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InfoQ Homepage News HashiCorp Terraform Adds Concise Diff Formatter and Sensitive Data Obfuscation

HashiCorp Terraform Adds Concise Diff Formatter and Sensitive Data Obfuscation

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Hashicorp has released Terraform 0.14 into general availability. The release introduces a new concise diff format that limits the output to only the elements that are changing. Other improvements include the ability to hide sensitive data and produce lockfiles for provider dependencies.

The concise diff format is a new experimental, on by default feature designed to help understanding what changes Terraform is about to make. The diff rendered used by terraform plan, terraform apply, and terraform show <planfile> have been updated to hide unchanged and irrelevant files in the plan file. At the end of each parent scope a count is shown of the number of hidden elements.

 # will be updated in-place
  ~ resource "test_resource" "foo" {
        id       = "foo_123"
      ~ checksum = 28987129 -> (known after apply)
      - mode     = "test" -> null
        name     = "Foo Test"
        tags     = []
      ~ totals   = {
          - "bar" = 5 -> null
          + "baz" = 5
            # (2 unchanged elements hidden)
      ~ values   = [
          - "alpha",
          - "gamma",
          + "alpaca",
          + "goblin",
          + "zephyr",
            # (23 unchanged elements hidden)
        # (5 unchanged attributes hidden)
        # (3 unchanged blocks hidden)

With these changes, all identifying fields (id, name, and tags) will always be shown. With primitives (string, number, or bool) the field will only be shown if it is changed, added, or removed. With map, set, object, list, and tuple types only added or removed elements will be shown.

With this release, it is now possible to define input variables and module outputs as sensitive. This results in Terraform redacting the value from the CLI output. This is to prevent exposure into systems that are consuming the Terraform output such as logging or version control. Defining a variable as sensitive is done by setting the sensitive argument to true:

variable "user_information" {
  type = object({
    name    = string
    address = string
  sensitive = true

resource "some_resource" "a" {
  name    =
  address = var.user_information.address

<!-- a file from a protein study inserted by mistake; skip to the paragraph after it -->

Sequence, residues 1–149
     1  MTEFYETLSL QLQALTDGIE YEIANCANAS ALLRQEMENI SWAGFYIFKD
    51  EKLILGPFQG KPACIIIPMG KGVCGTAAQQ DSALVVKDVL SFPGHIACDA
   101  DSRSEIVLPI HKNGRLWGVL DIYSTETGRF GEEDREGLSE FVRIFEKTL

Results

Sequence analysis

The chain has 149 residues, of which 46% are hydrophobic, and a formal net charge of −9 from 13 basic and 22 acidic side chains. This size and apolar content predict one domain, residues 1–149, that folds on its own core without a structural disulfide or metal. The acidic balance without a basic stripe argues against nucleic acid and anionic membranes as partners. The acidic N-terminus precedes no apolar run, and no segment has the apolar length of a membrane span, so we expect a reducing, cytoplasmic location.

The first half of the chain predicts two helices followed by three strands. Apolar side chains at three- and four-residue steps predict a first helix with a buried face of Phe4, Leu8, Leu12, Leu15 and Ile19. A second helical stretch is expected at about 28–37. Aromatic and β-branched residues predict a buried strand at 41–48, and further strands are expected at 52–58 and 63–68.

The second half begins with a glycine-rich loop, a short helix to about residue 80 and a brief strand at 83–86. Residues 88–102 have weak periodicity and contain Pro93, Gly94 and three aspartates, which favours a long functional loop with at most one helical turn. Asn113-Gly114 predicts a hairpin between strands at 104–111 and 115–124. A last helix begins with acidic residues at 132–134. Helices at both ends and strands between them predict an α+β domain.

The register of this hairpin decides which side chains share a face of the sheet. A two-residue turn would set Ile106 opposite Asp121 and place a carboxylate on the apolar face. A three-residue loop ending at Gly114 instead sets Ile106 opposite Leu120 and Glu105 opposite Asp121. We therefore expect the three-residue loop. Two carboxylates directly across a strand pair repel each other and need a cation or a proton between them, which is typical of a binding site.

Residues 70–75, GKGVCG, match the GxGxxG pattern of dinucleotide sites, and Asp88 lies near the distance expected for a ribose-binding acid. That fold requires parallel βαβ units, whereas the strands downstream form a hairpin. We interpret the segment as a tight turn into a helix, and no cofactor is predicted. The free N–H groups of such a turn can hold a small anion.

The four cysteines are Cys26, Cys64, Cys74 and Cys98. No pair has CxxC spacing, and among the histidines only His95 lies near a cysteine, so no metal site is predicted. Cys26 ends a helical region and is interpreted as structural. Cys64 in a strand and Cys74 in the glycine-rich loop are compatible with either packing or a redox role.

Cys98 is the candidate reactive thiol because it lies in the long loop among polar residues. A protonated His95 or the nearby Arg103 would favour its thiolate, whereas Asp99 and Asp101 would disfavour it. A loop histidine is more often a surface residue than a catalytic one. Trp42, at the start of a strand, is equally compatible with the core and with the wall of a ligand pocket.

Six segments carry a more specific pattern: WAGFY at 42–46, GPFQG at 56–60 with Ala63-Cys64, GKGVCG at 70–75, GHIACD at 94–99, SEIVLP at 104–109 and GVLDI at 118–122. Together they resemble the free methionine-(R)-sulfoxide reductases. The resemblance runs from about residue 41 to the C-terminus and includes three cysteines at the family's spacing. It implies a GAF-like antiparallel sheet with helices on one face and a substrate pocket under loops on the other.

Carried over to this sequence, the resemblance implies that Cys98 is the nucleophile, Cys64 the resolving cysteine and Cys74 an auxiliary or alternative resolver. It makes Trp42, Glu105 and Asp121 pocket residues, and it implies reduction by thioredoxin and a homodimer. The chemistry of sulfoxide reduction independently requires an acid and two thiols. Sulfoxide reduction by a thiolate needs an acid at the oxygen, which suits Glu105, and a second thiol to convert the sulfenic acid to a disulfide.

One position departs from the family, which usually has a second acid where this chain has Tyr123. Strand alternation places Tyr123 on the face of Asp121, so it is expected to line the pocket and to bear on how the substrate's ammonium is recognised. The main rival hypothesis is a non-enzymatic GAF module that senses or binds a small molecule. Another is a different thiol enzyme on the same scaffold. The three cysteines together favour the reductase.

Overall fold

This will then obfuscate the value in plan and apply outputs:

Terraform will perform the following actions:

  # some_resource.a will be created
  + resource "some_resource" "a" {
      + name    = (sensitive)
      + address = (sensitive)

Plan: 1 to add, 0 to change, 0 to destroy.

Note that this is only obfuscating the value in the plan; it is still recorded as-is in the state. This means that anyone with access to the state will still be able to see the sensitive data. More details on how to best handle sensitive data within state can be found within the Terraform documentation.

Also included in this release is an automatically generated dependency lockfile when terraform init is run. The lockfile is currently focused on providers. As of Terraform 0.13 it is possible to install providers from customer-controlled or third-party remote registries. This new lockfile helps ensure that workflows can be duplicated from previous runs and therefore it is recommended to commit the generated lockfile into source control. Upgrading to a new provider can be done via terraform init -upgrade.

Hashicorp is also committing to forward compatibility of state files for the time being. Terraform 0.14.0 will be able to share state files with future versions of Terraform. They do note that they may need to change this in a future release if a new state file format is required.

More details can be found within the Terraform changelog. The HashiCorp Learn tutorials have also been updated to include these new features. This release can be downloaded from the Terraform site.

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